Money-grubbing, incompetent, stupid veteranarian!

My dog is injured. Before I got into the long version of this, let me preface it with the happy ending: she seems to have had an allergic reaction to an insect bite, which caused her muzzle to swell up and itch badly, and she scratched herself so hard she ripped the skin off her nose. A decent vet - the **second ** one I saw today - gave her an antibiotic and some Benadryl and says she will be fine, but wants to see her again in a week to follow up. I’m to call if anything seems to worsen or if the swelling doesn’t go down considerably by tomorrow morning.

But the first vet I took her to… OY. My husband had taken her there last fall for a yearly checkup, because it’s within walking distance to our house. I liked our old vet, only a mile or two away, but technically, it’s his dog, so I went to his vet with her.

My dog is a Mastiff. She’s small (only 98 pounds) but still considerably larger than the average suburban dog. And she’s a dark brindle color, which makes her look vaguely dangerous. Plus, one should never ever take any kind of chances with either a strange dog, or an injured dog, and to this vet, she was both. I’m on board with that. So though I was dismayed, I did not object to the vet muzzling her for the exam.

Then he asked me to lift her onto the table. This is a five-year-old dog who has been to the vet routinely, and has NEVER been placed on a table. Let’s go back for a sec to the fact that this is a 98-pound dog. I’m 5’2" and weigh 107 pounds. Fortunately, my brother was with me, and he helped me lift her onto the table. "It’s easier for me this way, " the vet said. Easier to muzzle her and get me and my brother to lift her onto a table than to, oh, I dunno, bend over and look at her? She’s almost at eye level as it is! But, hey, you’re the vet. Whatever.

He gave her the most distracted, interrupted, WEIRD examination ever. It included rubbing a glass slide across the wound, poking her repeatedly in the nose, shaving her muzzle so he could look at the wound (this was after he’d rubbed a slide across it), spraying the wound with what I suppose was betadyne or something similar, and taking her temperature. All the while, he was babbling to me. Seriously, BABBLING. Like, he never completed a sentence, just threw out vague phrases. He asked me nothing about her. He did say “hmmm, this is hard, it’s been like this a long time.” I said, “No, this just happened today.” “No,” he said, “this is an older wound.” Um, no, this dog had her head in my lap at 2:30 today and it wasn’t there, and it’s 3:30 now and it is. It’s not an old wound.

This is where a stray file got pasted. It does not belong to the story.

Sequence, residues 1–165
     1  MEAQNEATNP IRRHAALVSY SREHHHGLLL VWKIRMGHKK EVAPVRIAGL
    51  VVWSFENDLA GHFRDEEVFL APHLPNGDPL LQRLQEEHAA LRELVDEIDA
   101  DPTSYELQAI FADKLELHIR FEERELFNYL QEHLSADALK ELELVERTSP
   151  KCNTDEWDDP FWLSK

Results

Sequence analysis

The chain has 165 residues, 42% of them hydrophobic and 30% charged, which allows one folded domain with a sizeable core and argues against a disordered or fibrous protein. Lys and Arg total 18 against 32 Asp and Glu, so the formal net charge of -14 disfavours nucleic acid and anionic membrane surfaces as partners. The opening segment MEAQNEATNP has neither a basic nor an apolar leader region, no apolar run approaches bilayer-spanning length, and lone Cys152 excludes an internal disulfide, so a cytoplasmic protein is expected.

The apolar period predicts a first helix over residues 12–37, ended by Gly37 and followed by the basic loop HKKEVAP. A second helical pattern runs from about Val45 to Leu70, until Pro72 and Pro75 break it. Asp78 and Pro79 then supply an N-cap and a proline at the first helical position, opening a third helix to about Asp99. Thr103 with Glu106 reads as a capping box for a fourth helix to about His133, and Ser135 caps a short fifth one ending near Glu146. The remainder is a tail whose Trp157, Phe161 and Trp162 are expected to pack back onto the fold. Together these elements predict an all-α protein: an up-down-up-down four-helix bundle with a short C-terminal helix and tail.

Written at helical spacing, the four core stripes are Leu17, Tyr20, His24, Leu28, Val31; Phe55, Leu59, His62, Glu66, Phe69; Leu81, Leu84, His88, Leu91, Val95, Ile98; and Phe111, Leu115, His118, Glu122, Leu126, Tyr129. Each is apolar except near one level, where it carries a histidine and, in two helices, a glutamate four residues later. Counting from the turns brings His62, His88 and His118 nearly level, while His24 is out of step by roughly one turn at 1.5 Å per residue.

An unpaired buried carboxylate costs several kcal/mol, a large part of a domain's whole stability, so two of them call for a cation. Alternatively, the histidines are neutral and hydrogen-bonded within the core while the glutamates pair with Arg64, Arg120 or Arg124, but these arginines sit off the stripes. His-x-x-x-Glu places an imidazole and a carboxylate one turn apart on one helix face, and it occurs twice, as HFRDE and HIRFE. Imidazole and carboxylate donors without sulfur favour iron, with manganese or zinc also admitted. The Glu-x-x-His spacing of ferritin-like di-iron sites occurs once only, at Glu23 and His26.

“Well, maybe you just didn’t see it before.”

He suggested it was cancerous. Maybe necrotic. “You know,” he said, “Dead. It’ll get more swollen and then it will sort of… yes, Um. Do you have cats? Oh, maybe it’s a cat scratch” (my cats don’t have claws) “But yeah. Then the, you know, um, granulating tissue will come up from under. If it’s dead. I could do a CBC and a culture to find out.” I asked if it could be an insect bite or sting (some of you may recall that I mentioned in MPSIMS the other day that I have what appears to be a mosquito bite right now.) He said, “At this time of year? There are no insects.” I told him I have an insect bite. He suggested that “the circumstances in your house, I don’t know, you might have a brown recluse or something. So yeah, if it’s dead, then the skin will slough off…”

THEN he delievered this one: “I could give her amoxycillin, but that’s a really cheap antibiotic and she’s a really big dog. I need an idea of your budget here before I do anything, I don’t want you to end up with a $400 bill and not know it’s coming. You know, to do tests and everything, sometimes it ends up costing a lot. Or if you don’t want to spend the money I can just give her an antibiotic and then you have to bring her back every couple days, you know when the dead skin starts to fall off and the hair follicles will come off, too, you know?” I shit you not, every question I asked him about what might be wrong with my dog was answered with, “Well, I don’t know what kind of budget you’re on, I can’t really do anything until I know…”